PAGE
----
The main difference is that the deal is sealed much earlier – there’s no pulling out of the purchase if your mind or circumstances change a month or two later. As a brief overview, once your offer on a property has been accepted, both parties (vendor/s and buyer/s) sign a contract, usually a ‘compromis de vente’. The buyer has the benefit of a 10-day cooling-off period, after which the contract is legally binding on both parties (subject to any clauses added into the ‘compromis’).
At the first contract stage the buyer pays a deposit, usually 10% of the sale price – this should be paid to the notaire or into the agent’s escrow account, never directly to the vendor. The completion ‘acte de vente’ is signed around three months later, when the final sum is also paid.
Never sign any contract you don’t fully understand, whether from a language or legal point of view. If in doubt, ask, or seek the advice of a translator or legal professional.
It’s important to be aware of how French inheritance works, and how you pass on your property in the future. France has a protected heirs system, whereby certain heirs automatically inherit. Although since 2015, French law has been governed by the EU legislation Brussels IV, allowing you to nominate the law of your nationality to apply to your French property, it is still worth seeing advice on the tax and succession consequences.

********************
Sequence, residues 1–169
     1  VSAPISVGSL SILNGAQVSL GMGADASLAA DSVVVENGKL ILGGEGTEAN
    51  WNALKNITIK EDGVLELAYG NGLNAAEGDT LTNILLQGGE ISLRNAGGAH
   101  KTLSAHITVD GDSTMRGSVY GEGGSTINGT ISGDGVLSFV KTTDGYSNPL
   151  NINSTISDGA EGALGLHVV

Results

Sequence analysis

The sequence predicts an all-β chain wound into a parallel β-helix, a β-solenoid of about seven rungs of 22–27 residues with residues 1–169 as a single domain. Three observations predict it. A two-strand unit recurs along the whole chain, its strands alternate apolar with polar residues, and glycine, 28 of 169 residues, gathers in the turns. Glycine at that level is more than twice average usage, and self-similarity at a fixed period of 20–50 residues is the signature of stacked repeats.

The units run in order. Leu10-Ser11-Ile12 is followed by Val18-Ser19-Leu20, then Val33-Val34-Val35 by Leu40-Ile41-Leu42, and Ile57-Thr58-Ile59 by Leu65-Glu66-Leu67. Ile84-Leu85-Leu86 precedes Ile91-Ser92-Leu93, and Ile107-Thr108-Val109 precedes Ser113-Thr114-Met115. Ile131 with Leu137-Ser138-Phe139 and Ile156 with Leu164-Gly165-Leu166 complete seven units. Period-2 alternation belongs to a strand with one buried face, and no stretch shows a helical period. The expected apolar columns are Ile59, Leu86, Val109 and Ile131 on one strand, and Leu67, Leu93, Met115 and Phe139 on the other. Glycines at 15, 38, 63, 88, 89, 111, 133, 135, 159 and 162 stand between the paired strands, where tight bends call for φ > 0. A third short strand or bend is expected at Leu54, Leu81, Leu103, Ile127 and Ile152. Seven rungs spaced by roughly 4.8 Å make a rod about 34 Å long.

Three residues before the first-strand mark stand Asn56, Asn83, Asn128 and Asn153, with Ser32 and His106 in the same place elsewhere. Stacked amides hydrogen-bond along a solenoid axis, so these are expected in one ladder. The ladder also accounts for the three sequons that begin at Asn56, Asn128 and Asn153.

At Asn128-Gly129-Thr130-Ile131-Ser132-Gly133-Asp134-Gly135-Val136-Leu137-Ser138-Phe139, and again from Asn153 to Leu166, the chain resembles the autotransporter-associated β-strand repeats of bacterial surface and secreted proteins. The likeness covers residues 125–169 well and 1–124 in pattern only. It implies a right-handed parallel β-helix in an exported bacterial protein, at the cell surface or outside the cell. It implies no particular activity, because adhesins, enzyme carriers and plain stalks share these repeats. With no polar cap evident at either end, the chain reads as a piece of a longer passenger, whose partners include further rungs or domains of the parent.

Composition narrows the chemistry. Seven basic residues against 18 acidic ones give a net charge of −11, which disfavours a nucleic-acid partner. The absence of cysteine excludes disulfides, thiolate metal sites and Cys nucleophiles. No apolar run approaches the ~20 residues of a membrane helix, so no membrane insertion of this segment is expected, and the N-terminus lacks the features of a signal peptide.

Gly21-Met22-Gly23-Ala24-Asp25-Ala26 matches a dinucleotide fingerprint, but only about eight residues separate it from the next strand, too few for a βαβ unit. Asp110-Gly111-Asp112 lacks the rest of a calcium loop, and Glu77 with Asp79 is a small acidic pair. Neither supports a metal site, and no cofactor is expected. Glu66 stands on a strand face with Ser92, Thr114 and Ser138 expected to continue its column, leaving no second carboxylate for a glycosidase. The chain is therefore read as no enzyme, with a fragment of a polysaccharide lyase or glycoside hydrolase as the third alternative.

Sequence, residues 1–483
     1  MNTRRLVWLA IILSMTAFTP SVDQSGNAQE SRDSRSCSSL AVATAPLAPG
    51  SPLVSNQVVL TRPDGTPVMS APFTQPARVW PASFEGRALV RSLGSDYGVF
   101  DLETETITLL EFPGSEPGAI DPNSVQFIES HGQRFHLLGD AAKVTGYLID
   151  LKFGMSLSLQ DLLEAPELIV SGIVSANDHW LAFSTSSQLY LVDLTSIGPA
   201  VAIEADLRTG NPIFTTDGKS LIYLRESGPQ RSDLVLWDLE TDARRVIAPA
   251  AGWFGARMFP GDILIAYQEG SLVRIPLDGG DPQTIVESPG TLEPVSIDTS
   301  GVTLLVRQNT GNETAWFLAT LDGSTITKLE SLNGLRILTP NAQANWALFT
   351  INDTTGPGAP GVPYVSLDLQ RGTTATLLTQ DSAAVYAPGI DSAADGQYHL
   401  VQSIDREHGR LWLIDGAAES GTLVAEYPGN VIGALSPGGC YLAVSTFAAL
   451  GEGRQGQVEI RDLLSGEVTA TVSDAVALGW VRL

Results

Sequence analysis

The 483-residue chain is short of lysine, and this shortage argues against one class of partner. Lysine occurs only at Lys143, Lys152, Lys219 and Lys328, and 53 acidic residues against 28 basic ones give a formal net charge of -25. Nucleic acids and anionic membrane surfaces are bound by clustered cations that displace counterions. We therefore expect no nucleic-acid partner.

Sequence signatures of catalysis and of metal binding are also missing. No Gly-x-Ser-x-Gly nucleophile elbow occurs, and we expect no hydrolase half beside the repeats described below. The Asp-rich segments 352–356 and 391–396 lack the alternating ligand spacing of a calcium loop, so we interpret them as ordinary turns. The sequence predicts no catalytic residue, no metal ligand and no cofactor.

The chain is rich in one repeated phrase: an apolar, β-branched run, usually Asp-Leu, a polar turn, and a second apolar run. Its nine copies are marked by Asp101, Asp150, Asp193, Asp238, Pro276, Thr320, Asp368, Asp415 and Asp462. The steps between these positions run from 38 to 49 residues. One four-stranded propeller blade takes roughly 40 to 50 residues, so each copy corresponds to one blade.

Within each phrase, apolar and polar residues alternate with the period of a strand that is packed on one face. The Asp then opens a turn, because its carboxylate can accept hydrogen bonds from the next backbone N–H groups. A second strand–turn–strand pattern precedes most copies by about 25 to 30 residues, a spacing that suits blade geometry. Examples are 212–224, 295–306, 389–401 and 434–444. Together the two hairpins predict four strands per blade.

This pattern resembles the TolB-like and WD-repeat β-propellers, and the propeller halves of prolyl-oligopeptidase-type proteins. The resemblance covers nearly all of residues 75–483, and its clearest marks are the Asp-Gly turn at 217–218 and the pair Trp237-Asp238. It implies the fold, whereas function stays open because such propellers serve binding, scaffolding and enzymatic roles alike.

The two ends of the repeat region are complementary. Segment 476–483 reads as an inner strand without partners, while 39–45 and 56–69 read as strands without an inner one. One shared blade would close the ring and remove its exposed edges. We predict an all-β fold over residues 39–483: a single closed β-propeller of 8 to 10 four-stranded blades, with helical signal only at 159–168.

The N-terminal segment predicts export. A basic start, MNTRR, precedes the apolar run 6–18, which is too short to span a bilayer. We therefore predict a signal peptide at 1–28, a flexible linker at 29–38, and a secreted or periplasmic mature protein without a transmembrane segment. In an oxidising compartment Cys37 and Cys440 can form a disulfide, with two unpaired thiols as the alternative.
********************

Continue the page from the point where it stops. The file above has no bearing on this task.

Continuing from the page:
French estate agencies tend to operate differently to those in the UK. They’re unlikely to list a property’s address, and may only tell you its general area. This is partly to prevent you sidestepping their agency fees by going directly to the owner or to another agent.
Be assured that the estate agency profession in France is strictly regulated. Make sure you choose a fully qualified and insured agent; if their ‘carte professionnelle’ is not displayed at their office, you can ask to see it.
Every French property transaction is overseen by a notaire; you can use the vendor’s notaire or appoint your own (in which case they share the fees). Although a notaire is a lot like a lawyer and works within the French legal system, their role is to ensure the relevant taxes are collected for the government as well as to carry out the various checks and conveyancing.
It may also be advisable to appoint a specialist solicitor, who understands all the nuances of a French property purchase by a British buyer, including any inheritance and tax implications.
In France, building surveys are rare. While vendors are obliged to provide a series of diagnostic reports (asbestos, termites, energy efficiency etc), these are not the same as a full structural survey. You can still have a survey done of course, ideally between the viewing and signing the sales contract. This way there shouldn’t be any nasty surprises further down the line, and you may even be able to use aspects of the survey in your negotiations.
Virtue of viewings
The chances are your search will start online. This is a great way to get a feel for the kind of properties available in your chosen area, and prices so you’ll be less likely to pay over the market value.
Once you’re ready to actually view some properties, the best tip is probably to be realistic about how many viewings you can fit in. It’s easy to underestimate the travel time, especially on slow country roads, plus you’ll need enough time to properly inspect the properties. Your agent will accompany you on viewings, so you may have to meet them at their office first.